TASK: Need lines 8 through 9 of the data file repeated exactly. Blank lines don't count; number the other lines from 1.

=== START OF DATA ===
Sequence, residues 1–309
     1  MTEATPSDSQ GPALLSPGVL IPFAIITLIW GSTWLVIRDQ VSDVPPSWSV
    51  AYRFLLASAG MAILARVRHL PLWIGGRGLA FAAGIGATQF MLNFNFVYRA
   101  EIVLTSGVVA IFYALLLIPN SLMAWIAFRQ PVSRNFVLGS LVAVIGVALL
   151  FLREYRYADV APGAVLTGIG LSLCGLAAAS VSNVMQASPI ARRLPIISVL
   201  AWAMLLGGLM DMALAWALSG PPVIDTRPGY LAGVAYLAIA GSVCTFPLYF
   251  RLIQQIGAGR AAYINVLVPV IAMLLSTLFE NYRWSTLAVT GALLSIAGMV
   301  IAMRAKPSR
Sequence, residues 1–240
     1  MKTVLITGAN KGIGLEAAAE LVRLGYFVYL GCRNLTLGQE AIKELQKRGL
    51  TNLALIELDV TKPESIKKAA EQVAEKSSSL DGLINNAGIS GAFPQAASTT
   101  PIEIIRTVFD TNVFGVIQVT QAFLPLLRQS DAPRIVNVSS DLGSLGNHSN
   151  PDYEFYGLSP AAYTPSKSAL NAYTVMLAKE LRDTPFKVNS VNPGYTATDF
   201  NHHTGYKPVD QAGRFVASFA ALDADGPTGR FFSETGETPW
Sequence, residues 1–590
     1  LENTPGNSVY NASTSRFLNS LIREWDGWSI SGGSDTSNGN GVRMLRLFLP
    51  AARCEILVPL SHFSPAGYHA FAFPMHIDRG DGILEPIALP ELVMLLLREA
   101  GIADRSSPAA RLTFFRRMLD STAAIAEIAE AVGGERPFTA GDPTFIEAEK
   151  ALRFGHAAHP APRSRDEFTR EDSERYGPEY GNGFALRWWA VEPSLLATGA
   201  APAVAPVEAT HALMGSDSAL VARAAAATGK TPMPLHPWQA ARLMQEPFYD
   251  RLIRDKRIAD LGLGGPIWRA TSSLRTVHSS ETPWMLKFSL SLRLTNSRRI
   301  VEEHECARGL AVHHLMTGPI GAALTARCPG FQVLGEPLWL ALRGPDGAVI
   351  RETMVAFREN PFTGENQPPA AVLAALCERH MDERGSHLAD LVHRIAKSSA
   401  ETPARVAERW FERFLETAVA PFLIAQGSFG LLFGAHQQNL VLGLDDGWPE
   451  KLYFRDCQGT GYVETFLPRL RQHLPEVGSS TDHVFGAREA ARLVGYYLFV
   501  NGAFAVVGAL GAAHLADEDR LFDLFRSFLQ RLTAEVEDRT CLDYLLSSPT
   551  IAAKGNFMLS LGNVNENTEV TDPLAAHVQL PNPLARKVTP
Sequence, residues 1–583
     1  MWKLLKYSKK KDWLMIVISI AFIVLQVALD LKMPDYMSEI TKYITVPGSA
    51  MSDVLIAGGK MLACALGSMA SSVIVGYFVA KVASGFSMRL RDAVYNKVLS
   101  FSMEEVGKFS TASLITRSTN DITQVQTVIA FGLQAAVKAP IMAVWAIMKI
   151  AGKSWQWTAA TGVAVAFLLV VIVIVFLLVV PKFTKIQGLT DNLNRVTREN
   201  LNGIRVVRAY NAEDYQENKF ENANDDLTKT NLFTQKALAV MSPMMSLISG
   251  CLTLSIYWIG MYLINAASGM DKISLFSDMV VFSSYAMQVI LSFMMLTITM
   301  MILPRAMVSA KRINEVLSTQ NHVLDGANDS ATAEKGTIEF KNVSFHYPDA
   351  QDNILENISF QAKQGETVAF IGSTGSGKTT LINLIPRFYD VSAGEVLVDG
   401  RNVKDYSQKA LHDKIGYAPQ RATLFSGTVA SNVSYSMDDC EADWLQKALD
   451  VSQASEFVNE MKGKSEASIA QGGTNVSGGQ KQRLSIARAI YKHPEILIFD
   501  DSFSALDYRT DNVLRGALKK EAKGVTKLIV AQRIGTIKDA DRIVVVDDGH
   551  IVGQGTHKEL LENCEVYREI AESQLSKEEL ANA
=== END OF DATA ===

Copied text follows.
   301  IAMRAKPSR
Sequence, residues 1–240